Thursday, October 3, 2013

The Siren Song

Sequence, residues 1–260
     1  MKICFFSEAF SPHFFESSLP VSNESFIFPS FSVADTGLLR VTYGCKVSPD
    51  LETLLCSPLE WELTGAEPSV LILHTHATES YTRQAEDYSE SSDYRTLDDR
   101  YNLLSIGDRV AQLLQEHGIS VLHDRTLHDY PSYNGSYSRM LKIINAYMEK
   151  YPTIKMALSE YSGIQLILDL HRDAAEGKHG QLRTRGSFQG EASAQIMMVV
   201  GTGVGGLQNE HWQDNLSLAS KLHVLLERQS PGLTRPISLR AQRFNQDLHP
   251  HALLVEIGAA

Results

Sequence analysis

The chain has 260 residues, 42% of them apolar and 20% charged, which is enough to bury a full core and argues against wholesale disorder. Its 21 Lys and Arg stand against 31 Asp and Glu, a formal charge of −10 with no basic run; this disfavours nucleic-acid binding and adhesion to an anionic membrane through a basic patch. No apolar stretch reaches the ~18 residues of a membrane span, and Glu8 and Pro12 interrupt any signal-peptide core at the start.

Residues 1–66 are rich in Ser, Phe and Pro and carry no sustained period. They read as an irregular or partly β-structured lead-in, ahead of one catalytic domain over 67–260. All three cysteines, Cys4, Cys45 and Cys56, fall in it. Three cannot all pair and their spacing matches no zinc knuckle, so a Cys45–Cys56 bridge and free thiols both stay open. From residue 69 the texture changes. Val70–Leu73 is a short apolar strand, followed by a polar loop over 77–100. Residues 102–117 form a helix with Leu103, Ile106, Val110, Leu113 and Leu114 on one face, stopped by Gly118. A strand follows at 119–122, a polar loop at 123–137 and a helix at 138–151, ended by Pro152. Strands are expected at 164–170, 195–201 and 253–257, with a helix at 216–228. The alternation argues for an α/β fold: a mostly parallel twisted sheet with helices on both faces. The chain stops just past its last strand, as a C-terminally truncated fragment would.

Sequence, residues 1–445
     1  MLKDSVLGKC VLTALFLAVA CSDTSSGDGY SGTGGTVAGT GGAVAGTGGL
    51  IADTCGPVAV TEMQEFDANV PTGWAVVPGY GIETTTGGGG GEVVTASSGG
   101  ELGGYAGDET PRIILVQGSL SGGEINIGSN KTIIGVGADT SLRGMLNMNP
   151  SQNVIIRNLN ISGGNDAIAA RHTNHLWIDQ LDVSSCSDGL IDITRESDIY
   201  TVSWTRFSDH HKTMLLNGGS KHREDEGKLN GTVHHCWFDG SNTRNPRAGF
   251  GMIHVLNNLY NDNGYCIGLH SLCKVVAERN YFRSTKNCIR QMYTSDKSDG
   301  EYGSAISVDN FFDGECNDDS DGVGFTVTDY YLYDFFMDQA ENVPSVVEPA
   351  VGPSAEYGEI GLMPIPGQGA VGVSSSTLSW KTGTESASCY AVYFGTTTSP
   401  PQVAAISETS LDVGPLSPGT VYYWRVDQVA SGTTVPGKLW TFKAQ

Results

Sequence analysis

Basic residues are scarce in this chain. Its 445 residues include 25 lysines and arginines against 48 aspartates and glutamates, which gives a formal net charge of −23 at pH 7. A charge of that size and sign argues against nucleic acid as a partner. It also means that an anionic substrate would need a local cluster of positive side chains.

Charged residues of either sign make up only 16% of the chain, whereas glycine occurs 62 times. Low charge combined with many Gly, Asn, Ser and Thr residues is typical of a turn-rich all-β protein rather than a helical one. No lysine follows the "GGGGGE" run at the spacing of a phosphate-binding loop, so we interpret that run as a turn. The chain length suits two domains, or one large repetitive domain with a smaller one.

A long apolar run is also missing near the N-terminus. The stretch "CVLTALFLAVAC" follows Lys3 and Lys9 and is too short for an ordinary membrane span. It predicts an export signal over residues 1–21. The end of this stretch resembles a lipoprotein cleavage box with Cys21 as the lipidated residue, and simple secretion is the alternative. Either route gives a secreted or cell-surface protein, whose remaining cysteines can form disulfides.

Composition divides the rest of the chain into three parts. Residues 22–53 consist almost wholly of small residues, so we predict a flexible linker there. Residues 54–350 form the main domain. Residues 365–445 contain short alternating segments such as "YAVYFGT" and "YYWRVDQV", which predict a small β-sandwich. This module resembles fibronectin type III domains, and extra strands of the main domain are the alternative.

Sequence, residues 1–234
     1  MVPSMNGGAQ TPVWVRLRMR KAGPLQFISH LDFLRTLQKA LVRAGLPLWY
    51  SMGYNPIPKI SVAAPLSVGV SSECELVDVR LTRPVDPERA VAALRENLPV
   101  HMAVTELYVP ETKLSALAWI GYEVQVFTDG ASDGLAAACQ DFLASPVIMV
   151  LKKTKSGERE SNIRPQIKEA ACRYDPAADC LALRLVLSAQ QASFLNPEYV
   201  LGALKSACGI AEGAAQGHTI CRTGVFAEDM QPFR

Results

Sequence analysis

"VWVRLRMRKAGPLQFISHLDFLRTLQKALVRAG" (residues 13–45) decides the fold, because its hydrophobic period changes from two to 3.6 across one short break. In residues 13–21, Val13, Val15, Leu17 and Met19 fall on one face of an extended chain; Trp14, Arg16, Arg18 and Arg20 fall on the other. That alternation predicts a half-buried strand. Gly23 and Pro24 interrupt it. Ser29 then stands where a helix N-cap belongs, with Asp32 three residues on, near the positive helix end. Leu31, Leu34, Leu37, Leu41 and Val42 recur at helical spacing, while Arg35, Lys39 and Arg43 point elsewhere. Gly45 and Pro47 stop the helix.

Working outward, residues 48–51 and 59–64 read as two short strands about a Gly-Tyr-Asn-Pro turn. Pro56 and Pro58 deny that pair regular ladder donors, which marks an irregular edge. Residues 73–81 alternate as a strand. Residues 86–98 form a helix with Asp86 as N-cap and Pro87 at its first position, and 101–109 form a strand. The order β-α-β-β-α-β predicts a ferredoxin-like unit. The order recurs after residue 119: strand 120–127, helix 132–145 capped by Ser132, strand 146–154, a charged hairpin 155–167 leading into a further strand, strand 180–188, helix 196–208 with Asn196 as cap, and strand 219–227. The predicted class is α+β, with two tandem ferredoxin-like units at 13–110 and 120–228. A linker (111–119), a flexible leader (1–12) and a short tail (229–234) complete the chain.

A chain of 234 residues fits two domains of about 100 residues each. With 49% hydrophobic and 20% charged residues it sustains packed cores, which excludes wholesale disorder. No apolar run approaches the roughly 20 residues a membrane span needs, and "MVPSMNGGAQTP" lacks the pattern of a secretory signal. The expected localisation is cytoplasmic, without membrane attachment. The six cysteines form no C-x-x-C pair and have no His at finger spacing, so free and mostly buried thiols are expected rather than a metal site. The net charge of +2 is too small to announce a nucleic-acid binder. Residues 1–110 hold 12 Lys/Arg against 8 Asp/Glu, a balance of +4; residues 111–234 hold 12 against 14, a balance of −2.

I’ll go out on a limb and assume I speak for more than myself when I say I’m connected. I’m plugged in. I’ve got 4Glte internet access at my fingertips 24/7. I’m inundated by information and I’m convinced that without the screens which deliver it to me I’m not being productive. If it’s not on my phone, it’s on my sexy tablet or sleek laptop. I’ll set down one screen only to pick up another. I wake up in the morning with a ritual that involves checking the news, checking email, checking social media before I stagger out of bed. Work involves a similar ritual, turning on the screens (two that is because I’m more productive with two). Then when I get home at night, sooner or later it’s back to the screen for responding to emails, checking in, updating status, tweeting, posting, and sharing. If I’m not updating content, editing photos, typing, or responding, I’m falling behind. I don’t dare take the challenge of turning the phone off or stepping too far away from it, for no good reason whatsoever. While this may come across as a complaint about technology, which is hypocritical of me considering the format of this platform (and counterproductive to my efforts of convincing you the reader to check back regularly), it is rather an observation of our decision making behavior.